William Ramshaw resides in the expansive Pacific Northwest. He is a six-year survivor of pancreatic cancer and has written a memoir Gut Punched! Facing Pancreatic Cancer.
Post-cancer depression sometimes makes me feel like I’m being run over by a bus, but here’s some advice on how to let it pass by.
Let’s face it, finishing our cancer treatments is only the first step on a long, long journey. I wish I could put a happy face on this, but I can’t.
Of the many things we cancer survivors face are endless follow-ups at our clinics, an ever-present reminder of what we’ve been through. Of course, some of us opt out of these follow-ups due to the gripping anxiety they induce, or worse, we lack insurance to help pay for them.
But beyond these constant reminders, many of us cancer survivors face bouts of depression, and endless days of feeling that although our cancer bus missed us the first time, it won’t next time. Our once bright futures now seem sullied. Our hopefulness is replaced by dread. We’ve taken to spying on our body thinking it is a conniving cheat looking to betray us.
After all we’ve been through, make no mistake: bouts of depression are real and can be as lethal as what we have survived. Dealing with them is essential. It is easy for some to cast them aside, but others of us may need to seek help.
When I am feeling like my cancer bus of depression is trying to run me over, I do the following to get out of its way:
Look at it from the outside in
I try to focus on the fact that I have survived pancreatic cancer for almost nine years, when many don’t see two, and few see five. Sadly, for many of us, simply surviving is like winning the lottery, but we soon forget how lucky we are to have made it.
Perhaps this goes back to the glass half full or half empty analogy. I would portend we can teach ourselves to see our glass as being half full. If a super analytic person like myself can do it, I would say almost anyone can. It’s better to be thankful that our glass is not bone dry versus quibble over how full it is. I have found that for every ugly situation I face, there are always other people facing far worse ones. We need to be thankful for our situation, not wish it was someone else’s.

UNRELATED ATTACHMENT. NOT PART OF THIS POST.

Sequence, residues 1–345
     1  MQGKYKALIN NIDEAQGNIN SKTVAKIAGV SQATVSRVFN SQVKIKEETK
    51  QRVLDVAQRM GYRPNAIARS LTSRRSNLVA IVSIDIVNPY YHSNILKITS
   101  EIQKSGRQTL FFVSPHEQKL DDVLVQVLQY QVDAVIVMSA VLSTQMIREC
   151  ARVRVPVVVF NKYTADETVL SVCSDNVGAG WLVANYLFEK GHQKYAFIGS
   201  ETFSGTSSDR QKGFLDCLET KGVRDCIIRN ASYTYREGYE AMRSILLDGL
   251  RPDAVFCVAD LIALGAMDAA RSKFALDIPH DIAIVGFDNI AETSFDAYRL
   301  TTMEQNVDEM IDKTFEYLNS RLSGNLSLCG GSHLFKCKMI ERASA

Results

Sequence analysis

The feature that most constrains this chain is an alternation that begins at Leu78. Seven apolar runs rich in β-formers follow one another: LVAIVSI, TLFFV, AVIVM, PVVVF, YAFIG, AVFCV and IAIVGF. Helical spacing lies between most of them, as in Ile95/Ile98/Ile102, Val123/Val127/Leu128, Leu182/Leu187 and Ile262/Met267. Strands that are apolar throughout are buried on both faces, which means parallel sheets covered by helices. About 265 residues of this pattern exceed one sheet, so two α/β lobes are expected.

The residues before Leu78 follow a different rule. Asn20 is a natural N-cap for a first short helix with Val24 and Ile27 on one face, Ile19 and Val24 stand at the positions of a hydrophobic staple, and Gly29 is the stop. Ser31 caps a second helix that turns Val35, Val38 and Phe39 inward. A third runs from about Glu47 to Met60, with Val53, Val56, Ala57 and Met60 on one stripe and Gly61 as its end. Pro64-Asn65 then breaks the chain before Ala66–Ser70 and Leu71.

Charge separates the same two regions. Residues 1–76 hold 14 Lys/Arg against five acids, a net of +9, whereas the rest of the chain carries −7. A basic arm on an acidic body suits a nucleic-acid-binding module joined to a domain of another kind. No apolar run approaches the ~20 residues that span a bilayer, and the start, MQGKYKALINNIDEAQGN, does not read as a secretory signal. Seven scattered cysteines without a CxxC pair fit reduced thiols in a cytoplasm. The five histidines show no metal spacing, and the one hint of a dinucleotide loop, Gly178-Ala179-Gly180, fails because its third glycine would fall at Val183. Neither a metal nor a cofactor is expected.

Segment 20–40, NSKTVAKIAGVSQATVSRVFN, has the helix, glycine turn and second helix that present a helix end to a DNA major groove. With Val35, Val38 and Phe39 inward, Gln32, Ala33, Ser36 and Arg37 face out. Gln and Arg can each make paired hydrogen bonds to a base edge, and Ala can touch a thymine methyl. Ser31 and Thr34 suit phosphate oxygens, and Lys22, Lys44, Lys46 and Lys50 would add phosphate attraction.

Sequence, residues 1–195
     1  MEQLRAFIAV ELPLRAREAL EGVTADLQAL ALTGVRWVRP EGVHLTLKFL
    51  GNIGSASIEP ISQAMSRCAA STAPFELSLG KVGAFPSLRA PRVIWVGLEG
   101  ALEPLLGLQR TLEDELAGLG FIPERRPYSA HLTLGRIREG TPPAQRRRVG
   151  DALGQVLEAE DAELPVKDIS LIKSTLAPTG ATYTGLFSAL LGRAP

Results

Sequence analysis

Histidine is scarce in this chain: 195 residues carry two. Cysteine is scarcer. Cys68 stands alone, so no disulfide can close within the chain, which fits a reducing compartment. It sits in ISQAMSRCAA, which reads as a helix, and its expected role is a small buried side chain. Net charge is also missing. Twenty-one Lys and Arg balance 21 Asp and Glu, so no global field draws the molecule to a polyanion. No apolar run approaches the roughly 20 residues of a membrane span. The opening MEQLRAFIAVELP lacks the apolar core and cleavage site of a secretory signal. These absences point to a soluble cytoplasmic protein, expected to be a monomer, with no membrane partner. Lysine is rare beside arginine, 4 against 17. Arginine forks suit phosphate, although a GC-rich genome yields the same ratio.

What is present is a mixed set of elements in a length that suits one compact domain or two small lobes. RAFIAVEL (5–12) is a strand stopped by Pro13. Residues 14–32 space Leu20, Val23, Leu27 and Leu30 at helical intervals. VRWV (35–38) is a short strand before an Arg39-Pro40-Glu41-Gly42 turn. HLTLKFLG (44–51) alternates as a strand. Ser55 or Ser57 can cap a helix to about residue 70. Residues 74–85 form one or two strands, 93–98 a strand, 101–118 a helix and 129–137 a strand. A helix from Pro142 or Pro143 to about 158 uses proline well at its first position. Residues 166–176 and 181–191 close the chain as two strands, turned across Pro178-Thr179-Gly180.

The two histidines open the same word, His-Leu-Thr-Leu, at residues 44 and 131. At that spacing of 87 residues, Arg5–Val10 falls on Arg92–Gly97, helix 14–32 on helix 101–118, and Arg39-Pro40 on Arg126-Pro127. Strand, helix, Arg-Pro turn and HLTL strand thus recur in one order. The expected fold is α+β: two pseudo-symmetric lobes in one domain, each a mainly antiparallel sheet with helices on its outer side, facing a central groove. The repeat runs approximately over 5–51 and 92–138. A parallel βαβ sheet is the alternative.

Understand that worrying about the future is a fool’s game
None of us knows our future. Cancer is an indiscriminate killer. But we have an advantage over others in that we have survived it. Cancer is no longer on my list of things that might kill me.
I need to focus on the present and not worry about a future I have no control over.
Talk it over with a good friend
I am so fortunate to have an awesome friend who, over the past several years, has walked with me through my sunless valleys for months at a time. I am blessed to have him. Simply talking to him, and hearing my words escape my mouth, has helped me realize that I am not alone on my journey.
For me, there is nothing more helpful than putting spoken words around what’s happening inside my head. It forces me to conceptualize my feelings. Doing this helps me figure out how to handle my primal fear of dying and leaving so much undone. If you don’t have a confidant who you can let down your guard with and tell them you’re scared sh**less, find one.
Avoid feeling ashamed
Some people are raised in a family where an admission of needing help is viewed as a grave weakness. The general culture of “buck up butter cup” is alive and well. Words like, “‘Just deal with it.’ or ‘Tough it out.’”, are said. Shame is something we all face but for some of us, it stops us from either telling our doctors about what is going on or seeking help for it. Depression is nothing to be ashamed about. Avoid feeling ashamed.
Tell the doctor what is going on
I know my mind can take a twinge in my side and run away with it. I get on the internet and look up all the things that might cause a twinge and of course, I settle on the worst possible cause. Sometimes a few minutes talking to someone licensed to practice medicine, maybe a test or two, can rule out these worst-case scenarios. But if we don’t talk to our doctors, they can’t help us.
Facing cancer and then surviving it is a feat in itself. However, if you find black clouds lit up with thunder hanging over you without relent, it may be time to seek help. There is no shame in this. The only real shame is gritting your teeth and gutting it out. Most clinics have trained therapists on staff who specialize in treating cancer-induced depression. If they don’t have one on staff, they know who is good in the local community.
There is no need to let your cancer bus of depression run over you.
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